Multiple exposure to chemicals is a common situation in workplaces. However, most methods used to evaluate chemical risk do not consider the potential effects of mixtures. The aim is to present a tool helping to evaluate chemical risk in case of multiple exposure.Methods
MiXie is a web tool (http://www.inrs-mixie.fr/http://www.inrs-mixie.fr/) developed in Quebec in 1997 and adapted to the French context by the French National Research and Safety Institute for the prevention of occupational accidents and diseases (INRS). It helps industrial hygienists to assess the potential risk of multi-exposure. Additivity of effects is the basic assumption.Results
Whenever measurements of atmospheric concentrations are provided, MiXie calculates the exposure index of the mixture (i.e. the sum of the ratios between each concentration measured and its occupational exposure limit value x 100). If this index exceeds 100%, MiXie signals that there is a potential risk for certain organs, even though each limit value is respected.Results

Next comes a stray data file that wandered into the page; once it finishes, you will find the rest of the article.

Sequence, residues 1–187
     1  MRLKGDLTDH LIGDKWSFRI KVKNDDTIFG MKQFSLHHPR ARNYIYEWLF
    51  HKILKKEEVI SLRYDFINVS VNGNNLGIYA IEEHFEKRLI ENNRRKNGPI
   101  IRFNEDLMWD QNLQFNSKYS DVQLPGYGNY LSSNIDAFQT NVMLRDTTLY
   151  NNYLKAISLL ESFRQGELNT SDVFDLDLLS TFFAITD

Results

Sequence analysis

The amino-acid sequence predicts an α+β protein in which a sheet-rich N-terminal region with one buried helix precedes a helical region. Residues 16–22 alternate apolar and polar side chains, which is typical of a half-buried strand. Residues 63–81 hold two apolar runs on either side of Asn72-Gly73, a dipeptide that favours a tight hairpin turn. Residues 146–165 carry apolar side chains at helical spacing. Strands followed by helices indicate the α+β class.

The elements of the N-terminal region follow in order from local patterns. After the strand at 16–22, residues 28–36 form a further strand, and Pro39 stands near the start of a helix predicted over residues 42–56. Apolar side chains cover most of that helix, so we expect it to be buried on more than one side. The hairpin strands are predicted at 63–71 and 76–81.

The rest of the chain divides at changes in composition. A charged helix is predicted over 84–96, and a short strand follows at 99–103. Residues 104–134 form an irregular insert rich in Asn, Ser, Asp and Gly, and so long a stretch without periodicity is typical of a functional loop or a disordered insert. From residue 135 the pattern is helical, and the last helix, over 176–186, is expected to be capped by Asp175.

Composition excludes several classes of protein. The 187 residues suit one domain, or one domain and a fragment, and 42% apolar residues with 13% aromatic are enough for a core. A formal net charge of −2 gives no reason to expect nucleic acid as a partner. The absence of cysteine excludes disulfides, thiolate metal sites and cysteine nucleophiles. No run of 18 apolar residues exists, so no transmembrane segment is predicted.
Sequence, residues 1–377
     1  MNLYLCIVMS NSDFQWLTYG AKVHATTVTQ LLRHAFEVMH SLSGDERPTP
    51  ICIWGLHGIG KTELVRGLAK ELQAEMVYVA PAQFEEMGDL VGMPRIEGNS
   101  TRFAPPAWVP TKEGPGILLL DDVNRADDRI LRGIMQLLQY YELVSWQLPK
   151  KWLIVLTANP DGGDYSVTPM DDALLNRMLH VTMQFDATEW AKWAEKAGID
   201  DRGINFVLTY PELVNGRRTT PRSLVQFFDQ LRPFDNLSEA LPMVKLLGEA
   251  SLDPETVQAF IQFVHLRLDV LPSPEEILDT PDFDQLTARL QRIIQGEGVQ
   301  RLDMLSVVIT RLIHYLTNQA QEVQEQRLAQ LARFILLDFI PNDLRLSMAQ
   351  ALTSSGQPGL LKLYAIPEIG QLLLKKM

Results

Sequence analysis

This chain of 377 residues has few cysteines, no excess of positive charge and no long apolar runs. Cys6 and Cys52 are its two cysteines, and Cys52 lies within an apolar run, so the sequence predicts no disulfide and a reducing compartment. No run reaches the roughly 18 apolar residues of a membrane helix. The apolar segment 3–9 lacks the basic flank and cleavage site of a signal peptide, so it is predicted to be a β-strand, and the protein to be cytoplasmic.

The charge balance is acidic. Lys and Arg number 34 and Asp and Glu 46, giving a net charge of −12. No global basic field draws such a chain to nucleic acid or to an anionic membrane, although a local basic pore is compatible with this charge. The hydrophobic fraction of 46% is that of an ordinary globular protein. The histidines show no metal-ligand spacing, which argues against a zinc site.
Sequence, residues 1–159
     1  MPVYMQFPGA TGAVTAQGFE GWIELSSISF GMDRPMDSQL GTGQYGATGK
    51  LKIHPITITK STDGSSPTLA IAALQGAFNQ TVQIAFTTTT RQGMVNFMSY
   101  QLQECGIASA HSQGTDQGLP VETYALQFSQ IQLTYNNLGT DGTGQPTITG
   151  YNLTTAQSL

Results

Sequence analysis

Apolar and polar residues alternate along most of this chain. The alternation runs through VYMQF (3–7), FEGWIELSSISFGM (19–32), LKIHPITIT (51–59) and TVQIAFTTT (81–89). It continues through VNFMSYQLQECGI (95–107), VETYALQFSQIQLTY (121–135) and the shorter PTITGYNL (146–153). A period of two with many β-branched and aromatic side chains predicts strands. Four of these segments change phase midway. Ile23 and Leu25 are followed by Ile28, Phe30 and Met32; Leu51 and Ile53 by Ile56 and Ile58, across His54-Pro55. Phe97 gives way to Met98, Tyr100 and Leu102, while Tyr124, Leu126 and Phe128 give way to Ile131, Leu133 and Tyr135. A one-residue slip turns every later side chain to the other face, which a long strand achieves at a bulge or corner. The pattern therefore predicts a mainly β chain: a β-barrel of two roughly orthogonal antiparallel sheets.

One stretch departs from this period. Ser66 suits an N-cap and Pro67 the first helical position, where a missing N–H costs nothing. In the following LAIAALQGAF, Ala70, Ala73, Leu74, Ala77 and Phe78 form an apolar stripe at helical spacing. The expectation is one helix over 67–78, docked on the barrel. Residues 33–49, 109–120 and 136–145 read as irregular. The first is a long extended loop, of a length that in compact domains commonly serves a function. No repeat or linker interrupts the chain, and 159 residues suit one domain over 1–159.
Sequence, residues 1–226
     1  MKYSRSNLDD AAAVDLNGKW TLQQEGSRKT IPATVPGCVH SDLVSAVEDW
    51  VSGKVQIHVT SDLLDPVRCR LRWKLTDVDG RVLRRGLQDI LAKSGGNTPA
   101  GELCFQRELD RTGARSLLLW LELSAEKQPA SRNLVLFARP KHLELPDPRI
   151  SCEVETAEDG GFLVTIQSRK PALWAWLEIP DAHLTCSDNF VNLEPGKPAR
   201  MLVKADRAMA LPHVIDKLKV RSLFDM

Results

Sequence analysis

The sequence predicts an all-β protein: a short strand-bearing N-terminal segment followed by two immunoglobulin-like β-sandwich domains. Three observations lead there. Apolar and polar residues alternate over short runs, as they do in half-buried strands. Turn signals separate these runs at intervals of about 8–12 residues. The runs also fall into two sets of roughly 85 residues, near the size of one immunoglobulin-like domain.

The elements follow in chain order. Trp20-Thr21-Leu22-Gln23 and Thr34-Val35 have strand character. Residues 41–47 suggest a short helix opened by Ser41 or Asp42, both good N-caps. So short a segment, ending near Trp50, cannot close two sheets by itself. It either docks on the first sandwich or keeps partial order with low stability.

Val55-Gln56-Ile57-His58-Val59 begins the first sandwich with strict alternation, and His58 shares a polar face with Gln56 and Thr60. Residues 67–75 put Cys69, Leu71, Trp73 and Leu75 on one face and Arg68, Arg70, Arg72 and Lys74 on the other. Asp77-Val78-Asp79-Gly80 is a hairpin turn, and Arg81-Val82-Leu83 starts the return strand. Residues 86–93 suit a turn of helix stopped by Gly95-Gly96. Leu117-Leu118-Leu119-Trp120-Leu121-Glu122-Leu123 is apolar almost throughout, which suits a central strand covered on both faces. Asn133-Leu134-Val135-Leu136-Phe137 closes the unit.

When measurements of atmospheric concentrations are not provided, MiXie highlights the common effects classes of the substances present and warns about a potential risk of additive effects.Results
If the mixture contains a substance belonging to the ‘cancer’ or ‘sensitizer’ effect class, additivity does not apply and MiXie warns the industrial hygienist regardless of the concentration measured.Conclusion
The MiXie database helps to identify potential risk situations related to multi-exposure to chemicals. Such situations may go unnoticed with a monosubstance approach. But MiXie users should be aware of its limits: additivity does not apply to all situations, the number of substances is restricted (130), etc. Experts are working to improve the tool by increasing the number of substances, making it more user-friendly, etc.